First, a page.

Flyvefisken-class patrol vessel

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Flyvefisken class P555 Støren
P555 HDMS Støren
Class overview
Operators:  Royal Danish Navy
 Lithuanian Naval Force
Built: 1985–1995
In commission: 1989–
Planned: 17
Completed: 14
Cancelled: 3
Active: 4
Retired: 10
General characteristics [1]
Displacement: 320 tonnes (315 long tons) light
450 tonnes (443 long tons) full load
Length: 54 m (177 ft 2 in)
Beam: 9 m (29 ft 6 in)
Draught: 2.5 m (8 ft 2 in)
Propulsion: Combined diesel and gas
1 × General Electric LM500 gas turbine 4,066 kW (5,453 hp)
2 × MTU 16V 396TB94 diesels 4,226 kW (5,667 hp) total
1 × auxiliary GM 12V-71 diesel, 373 kW (500 hp) Hydraulic propulsion
3 × auxiliary GM 6-71 diesel generators
Speed: 30 knots (56 km/h; 35 mph) on turbine + diesels
20 knots (37 km/h; 23 mph) on MTU's
7 knots (13 km/h; 8.1 mph) on hydraulic drive
Range: 3,860 nmi (7,150 km) at 18 kn (33 km/h; 21 mph)
Complement: 19-29 depending on role
Sensors and
processing systems:
Terma Scanter Mil 009 surveillance radar
Thales TMS 2640 Salmon variable depth sonar
Furuno navigational radar
EADS TRS-3D air search radar (Combat role)
Plessey AWS-6 air search radar (MCM role)
SaabTech Vectronics 9LV 200 Mk 3 Fire control radar
Armament: Armament depends on the ships role, but includes the following options:
8 × launchers for Boeing RGM-84 Harpoon Block II SSM
12 × launchers Sea Sparrow SAM
1 × OTO Melara 76 mm/62 gun
2 × 12.7 mm machine guns
4 × 323 mm (12.7 in) MU90 ASW torpedoes
60 mines
HDMS Viben (P562).
Patrol vessel employed by Lithuanian Naval Force

The Flyvefisken class patrol vessels ((Danish): Flying fish) are warships of the Royal Danish Navy. The class is also known as the Standard Flex 300 or SF300 class.

Containerised weapon systems[edit]

The Flyvefisken ships were constructed using an innovative modular design known as StanFlex: they have a standard hull in which containerised weapons or systems can be placed. This allows them to rapidly change roles, typically in 48 hours. This enables the ships to be configured to perform the following roles:

  • Surveillance/pollution control
  • Combat
  • Mine countermeasures/minehunter (MCM)
  • Minelayer

The containers measure 3.5 × 3 × 2.5 metres. One container goes on the foredeck; the other three go on the quarterdeck behind the superstructure and funnel. Furthermore the ships are built using the sandwich principle - a layer of fiberglass either side of a core of PVC cell foam. This forms the structure from keel to top of mast. This building method has reduces maintenance costs - so much so that 20 years on the new Diana and -Holm class have been built using the same materials.[2]

Replaced three different vessels[edit]

The Flyvefisken class replaced three different vessels in the Danish Navy: Six torpedo boats of the Søløven class (1965–90), six coastal minesweepers of the Sund class (1955–99) and eight seaward defence craft of the Daphne class (1961–91). It was possible because of the containerised systems and modern technology.

The replaced vessels used World War II (or WWI) tactics: The Søløven boats were light plywood boats propelled by three turboshafts, which attacked the enemy ships with torpedoes in 54 knots hit-and-run attacks. The Flyvefisken class is not that fast, but their Harpoon missiles are sufficient for the task.

The Sund class (Adjutant class minesweepers) were built of wood, bronze and other non-magnetic materials. They swept mine fields by trawling through the area with paravanes on tow separating magnetic and acoustic generators for the bottom mines, and chain cutters for the horned mines. The Flyvefisken class is a minehunter and locates the mines with side-scan sonar and neutralize them one by one with a ROV.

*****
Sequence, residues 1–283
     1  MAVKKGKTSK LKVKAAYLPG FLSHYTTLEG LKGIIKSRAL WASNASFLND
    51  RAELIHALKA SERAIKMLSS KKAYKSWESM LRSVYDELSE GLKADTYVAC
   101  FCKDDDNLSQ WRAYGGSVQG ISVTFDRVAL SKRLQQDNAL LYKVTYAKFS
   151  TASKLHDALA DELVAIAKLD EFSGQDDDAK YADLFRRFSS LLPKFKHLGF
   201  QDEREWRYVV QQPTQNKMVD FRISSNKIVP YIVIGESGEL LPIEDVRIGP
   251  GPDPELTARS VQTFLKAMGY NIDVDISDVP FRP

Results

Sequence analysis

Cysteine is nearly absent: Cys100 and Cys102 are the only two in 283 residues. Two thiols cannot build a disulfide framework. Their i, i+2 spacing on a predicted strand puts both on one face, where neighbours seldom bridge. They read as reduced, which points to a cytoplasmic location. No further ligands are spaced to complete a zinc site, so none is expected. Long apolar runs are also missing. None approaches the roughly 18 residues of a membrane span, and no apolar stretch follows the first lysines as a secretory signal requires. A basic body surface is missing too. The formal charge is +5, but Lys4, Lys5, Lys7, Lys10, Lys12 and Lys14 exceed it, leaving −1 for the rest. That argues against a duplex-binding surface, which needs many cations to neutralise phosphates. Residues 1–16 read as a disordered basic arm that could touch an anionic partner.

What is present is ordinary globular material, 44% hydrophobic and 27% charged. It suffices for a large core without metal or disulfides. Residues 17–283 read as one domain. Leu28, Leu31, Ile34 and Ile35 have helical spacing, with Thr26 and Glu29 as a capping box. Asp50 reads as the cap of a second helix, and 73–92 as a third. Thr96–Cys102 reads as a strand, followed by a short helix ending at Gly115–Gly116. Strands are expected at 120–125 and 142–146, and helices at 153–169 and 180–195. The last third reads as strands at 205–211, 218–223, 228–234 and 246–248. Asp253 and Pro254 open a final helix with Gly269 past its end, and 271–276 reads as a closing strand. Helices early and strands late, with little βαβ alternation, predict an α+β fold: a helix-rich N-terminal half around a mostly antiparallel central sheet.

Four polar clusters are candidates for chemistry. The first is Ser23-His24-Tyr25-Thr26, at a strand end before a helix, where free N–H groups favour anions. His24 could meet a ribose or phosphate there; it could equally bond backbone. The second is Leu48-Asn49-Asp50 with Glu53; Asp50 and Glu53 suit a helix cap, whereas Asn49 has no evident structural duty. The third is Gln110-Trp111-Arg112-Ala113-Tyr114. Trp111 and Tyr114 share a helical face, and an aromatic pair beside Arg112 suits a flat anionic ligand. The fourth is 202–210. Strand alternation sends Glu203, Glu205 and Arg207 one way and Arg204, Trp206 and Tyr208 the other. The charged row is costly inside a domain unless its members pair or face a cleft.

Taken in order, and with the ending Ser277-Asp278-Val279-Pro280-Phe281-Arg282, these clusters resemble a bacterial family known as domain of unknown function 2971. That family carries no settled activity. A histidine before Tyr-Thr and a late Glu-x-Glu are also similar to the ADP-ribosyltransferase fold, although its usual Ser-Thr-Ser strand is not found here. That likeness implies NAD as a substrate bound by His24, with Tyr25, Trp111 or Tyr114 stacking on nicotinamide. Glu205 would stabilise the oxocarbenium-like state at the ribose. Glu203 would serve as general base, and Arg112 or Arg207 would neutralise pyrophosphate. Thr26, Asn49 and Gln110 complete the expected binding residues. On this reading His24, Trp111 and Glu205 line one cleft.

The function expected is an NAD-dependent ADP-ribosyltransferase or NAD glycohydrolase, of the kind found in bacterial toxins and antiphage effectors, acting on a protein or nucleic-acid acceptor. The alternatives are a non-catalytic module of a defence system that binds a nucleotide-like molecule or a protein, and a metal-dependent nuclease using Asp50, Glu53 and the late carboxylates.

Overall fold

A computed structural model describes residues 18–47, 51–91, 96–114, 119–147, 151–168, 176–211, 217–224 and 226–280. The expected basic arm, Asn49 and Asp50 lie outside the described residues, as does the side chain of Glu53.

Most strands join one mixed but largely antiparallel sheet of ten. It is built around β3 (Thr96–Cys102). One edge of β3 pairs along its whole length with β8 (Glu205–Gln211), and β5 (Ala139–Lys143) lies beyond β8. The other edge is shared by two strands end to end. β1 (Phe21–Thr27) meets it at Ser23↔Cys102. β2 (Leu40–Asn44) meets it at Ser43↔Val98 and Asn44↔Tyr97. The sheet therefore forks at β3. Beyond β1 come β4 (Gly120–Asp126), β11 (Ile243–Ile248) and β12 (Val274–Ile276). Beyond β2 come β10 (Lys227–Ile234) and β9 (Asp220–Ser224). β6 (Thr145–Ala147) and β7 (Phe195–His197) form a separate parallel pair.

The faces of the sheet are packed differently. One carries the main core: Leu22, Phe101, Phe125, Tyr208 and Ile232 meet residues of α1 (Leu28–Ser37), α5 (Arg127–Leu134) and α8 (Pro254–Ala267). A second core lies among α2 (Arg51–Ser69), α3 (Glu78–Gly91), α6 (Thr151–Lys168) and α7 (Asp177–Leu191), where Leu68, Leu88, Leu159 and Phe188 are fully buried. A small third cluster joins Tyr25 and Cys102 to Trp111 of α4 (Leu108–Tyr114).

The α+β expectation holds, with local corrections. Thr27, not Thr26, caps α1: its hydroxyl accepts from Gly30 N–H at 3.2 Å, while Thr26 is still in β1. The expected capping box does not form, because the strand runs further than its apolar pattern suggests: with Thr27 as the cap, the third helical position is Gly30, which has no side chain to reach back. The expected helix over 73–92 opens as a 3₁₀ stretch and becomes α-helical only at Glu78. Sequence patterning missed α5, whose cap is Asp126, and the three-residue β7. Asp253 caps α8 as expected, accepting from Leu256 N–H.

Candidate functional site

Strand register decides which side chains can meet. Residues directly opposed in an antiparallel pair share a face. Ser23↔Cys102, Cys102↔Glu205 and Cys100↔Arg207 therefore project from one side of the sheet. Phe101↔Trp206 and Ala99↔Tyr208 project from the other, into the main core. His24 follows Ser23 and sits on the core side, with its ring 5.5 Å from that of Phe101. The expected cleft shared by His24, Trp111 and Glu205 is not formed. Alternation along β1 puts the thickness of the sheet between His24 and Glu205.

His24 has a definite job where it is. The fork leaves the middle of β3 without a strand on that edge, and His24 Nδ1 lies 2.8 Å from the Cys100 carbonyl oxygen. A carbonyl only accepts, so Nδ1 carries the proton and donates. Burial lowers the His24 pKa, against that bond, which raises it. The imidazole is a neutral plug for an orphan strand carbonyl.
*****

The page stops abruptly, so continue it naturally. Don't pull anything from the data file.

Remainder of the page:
The Daphne class attacked submarines by dropping depth charges to a preselected depth, while sailing past the submarine. The Flyvefisken class fights submarines with anti-submarine homing torpedoes.

Ships in class[edit]

A total of 14 ships were built in the class, in three series:

Name Laid down Launched Commissioned Decommissioned Int. Callsign Role
Series 1
P550 HDMS Flyvefisken
(Flying fish)
15 August 1985 26 April 1986 19 December 1989 - a) LVS Zemaitis (P 11) OVDA MCM
P551 HDMS Hajen
(Shark)
February 1988 6 August 1989 19 August 1990 - a) LVS Dzukas (P 12) OVDB MCM
P552 HDMS Havkatten
(Catfish)
August 1988 13 January 1990 1 November 1990 12 January 2012 OVDC MCM
P553 HDMS Laxen
(Salmon)
March 1988 20 May 1990 12 March 1991 7 October 2010 OVDD MCM
P554 HDMS Makrelen
(Mackerel)
December 1988 8 January 1991 4 October 1991 7 October 2010 OVDE MCM
P555 HDMS Støren
(Sturgeon)
August 1989 1 September 1991 24 April 1992 7 October 2010 OVBF MCM
P556 HDMS Sværdfisken
(Swordfish)
- 1 September 1991 1 February 1992 2 August 2006 OVDG MCM
Series 2
P557 HDMS Glenten
(Kite)
- 1992 1 February 1992 7 October 2010 OVDH Combat
P558 HDMS Gribben
(Vulture)
- 1992 1 July 1993 7 October 2010 OVDI Surveillance
P559 HDMS Lommen
(Loon)
- 1993 21 January 1994 - a) LVS Aukstaitis (P 14) OVDJ Surveillance
P560 HDMS Ravnen
(Raven)
- 1994 7 October 1994 7 October 2010 OVDK Combat
P561 HDMS Skaden
(European Magpie)
- 1994 10 April 1995 7 October 2010 OVDL Combat
P562 HDMS Viben
(Northern Lapwing)
- 1995 15 January 1996 7 October 2010 OVDM Combat
Series 3
P563 HDMS Søløven
(Sea lion)
- 1995 27 May 1996 - OVDN Surveillance

a) = Sold to Lithuania, March 2007

The difference between the series is mainly in the configuration of the propulsion system. Series 2 is not equipped with hydraulic propulsion, but instead has an additional auxiliary engine, and Series 3 has one further auxiliary engine.

References[edit]

  1. ^ "Specifications: Flyvefisken Class (SF 300) Multi-Role Vessels - Naval Technology". www.naval-technology.com. Retrieved 2009-11-26. 
  2. ^ "Flyvefisken Class (SF 300) Multi-Role Vessels - Naval Technology". www.naval-technology.com. Retrieved 2009-11-26. 

External links[edit]